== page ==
Tuesday morning he rallied slightly from the paralysis. During a short period he recognized those about him, but he spoke no word to any. Gradually he relapsed into unconsciousness, which continued until the end, which was peace. He died at ten minutes before noon on Saturday, the I7th of August, 1895. Near relatives, dear friends, were gathered at his bedside.

At noon the bell of the Holy Cross was tolled, announcing to the citizens of Troy the passing of this pure soul. It was a fact in which they all had living interest. Then there began a long-continued expression of universal regret, of wide-spreading sorrow, manifested in many ways. The Daily Times, in its issue of that Saturday afternoon, voiced the popular idea and feeling when it headed its column, "A Saint of Modern Days Translated." Tributes of highest esteem, of stronger signifi-cancy than the ordinary newspaper notice, appeared in various journals.

Troy's oldest clergyman, the Rev. Peter Haver-mans, was pastor of a Roman Catholic congregation. He had come to Troy in 1843, one year earlier than Doctor Tucker. The two soon became friends. While the Rector of the Holy Cross lay ill the Pastor of St. Peter's called often, to make inquiry at the parsonage. When the latter learned that the end had come he was deeply moved. At the time, Father Havermans was ninety years of age, the oldest priest of his communion in America. Other clergy, of diverse titles, united in one expression of sorrow and affection.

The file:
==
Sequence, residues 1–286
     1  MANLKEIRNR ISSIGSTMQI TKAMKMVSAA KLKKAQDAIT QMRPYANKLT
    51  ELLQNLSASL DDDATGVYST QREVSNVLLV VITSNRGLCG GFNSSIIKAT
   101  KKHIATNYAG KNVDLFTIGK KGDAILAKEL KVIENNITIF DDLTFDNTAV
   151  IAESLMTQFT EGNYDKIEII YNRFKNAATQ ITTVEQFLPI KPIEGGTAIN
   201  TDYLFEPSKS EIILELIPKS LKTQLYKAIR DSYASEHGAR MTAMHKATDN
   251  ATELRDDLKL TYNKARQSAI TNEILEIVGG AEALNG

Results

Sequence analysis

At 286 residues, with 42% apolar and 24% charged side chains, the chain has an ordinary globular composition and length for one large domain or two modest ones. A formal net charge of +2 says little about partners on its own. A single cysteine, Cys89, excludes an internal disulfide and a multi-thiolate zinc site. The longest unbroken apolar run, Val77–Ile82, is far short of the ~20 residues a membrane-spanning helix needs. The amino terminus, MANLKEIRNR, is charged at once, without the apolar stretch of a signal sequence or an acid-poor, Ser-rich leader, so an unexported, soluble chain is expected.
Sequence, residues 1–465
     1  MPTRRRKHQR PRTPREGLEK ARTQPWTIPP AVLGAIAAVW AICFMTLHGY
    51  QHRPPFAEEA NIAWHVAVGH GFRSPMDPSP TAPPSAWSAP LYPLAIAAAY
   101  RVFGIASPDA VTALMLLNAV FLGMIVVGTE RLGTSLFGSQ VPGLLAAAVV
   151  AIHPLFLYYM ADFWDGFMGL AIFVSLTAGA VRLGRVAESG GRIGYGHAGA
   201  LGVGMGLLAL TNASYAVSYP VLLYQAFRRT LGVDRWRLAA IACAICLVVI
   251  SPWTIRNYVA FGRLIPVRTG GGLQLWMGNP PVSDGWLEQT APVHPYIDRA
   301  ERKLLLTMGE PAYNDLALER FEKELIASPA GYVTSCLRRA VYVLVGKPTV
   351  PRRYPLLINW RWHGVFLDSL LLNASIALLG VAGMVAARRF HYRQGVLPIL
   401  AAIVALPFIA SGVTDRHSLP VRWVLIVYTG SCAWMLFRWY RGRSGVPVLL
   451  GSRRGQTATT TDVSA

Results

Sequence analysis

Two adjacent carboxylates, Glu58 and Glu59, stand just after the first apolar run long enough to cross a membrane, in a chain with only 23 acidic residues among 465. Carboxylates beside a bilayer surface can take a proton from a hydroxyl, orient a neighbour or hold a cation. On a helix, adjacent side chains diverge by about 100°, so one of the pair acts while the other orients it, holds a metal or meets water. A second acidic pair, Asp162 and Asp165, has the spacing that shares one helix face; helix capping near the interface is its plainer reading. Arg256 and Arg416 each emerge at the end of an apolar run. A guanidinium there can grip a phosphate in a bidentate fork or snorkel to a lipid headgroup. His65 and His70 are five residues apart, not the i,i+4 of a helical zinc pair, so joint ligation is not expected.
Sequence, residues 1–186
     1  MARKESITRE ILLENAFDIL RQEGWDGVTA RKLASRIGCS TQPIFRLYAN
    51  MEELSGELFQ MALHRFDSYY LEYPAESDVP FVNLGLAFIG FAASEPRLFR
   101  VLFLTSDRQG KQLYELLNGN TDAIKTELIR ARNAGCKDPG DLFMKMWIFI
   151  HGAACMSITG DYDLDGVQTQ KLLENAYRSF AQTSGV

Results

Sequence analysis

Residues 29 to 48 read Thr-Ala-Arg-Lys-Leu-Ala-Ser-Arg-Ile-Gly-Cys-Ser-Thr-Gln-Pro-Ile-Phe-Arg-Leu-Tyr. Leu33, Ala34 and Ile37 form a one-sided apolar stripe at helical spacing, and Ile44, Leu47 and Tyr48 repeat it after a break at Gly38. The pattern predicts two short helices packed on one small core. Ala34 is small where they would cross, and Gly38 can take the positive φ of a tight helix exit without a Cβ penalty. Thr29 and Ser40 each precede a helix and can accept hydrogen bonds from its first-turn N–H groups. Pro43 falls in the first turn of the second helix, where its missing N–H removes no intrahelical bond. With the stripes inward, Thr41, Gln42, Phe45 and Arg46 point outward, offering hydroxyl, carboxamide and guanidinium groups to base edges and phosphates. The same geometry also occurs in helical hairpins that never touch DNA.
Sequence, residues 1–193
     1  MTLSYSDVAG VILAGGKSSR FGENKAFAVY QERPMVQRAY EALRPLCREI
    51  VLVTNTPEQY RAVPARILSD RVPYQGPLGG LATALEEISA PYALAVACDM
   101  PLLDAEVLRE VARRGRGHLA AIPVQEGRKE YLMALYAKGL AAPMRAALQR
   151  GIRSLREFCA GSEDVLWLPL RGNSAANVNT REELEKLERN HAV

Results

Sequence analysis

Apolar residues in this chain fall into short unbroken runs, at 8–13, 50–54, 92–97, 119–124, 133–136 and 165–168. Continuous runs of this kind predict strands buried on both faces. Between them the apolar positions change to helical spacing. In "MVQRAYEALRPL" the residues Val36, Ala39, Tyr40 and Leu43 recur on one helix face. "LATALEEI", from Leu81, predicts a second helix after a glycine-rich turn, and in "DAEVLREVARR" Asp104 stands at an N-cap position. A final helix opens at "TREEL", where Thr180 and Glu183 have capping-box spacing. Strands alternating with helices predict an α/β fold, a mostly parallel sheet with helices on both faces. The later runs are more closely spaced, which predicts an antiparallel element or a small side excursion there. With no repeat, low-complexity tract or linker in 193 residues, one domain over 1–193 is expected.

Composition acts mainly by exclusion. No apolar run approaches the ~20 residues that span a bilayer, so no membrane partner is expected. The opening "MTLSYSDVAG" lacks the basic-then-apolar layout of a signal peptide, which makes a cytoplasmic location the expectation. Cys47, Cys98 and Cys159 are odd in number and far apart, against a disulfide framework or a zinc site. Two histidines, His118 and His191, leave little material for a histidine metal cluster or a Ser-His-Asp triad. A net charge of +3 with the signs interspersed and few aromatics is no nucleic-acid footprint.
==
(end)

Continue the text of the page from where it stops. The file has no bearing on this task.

The Bishop of the Diocese had been away--in residence at his summer home at North East Harbor, Maine. He came on at once to attend the services. Arriving about three o'clock on Monday afternoon, Bishop Doane entered the Church where lay the body of the much loved and honored priest, clad in a vestment of white embroidered with gold--a valued offering made months before by one of the guilds of the parish. The coffin was placed in the ante-chapel. There, through Monday afternoon, some twenty-five hundred parishioners and other friends came to look upon the familiar, classic features.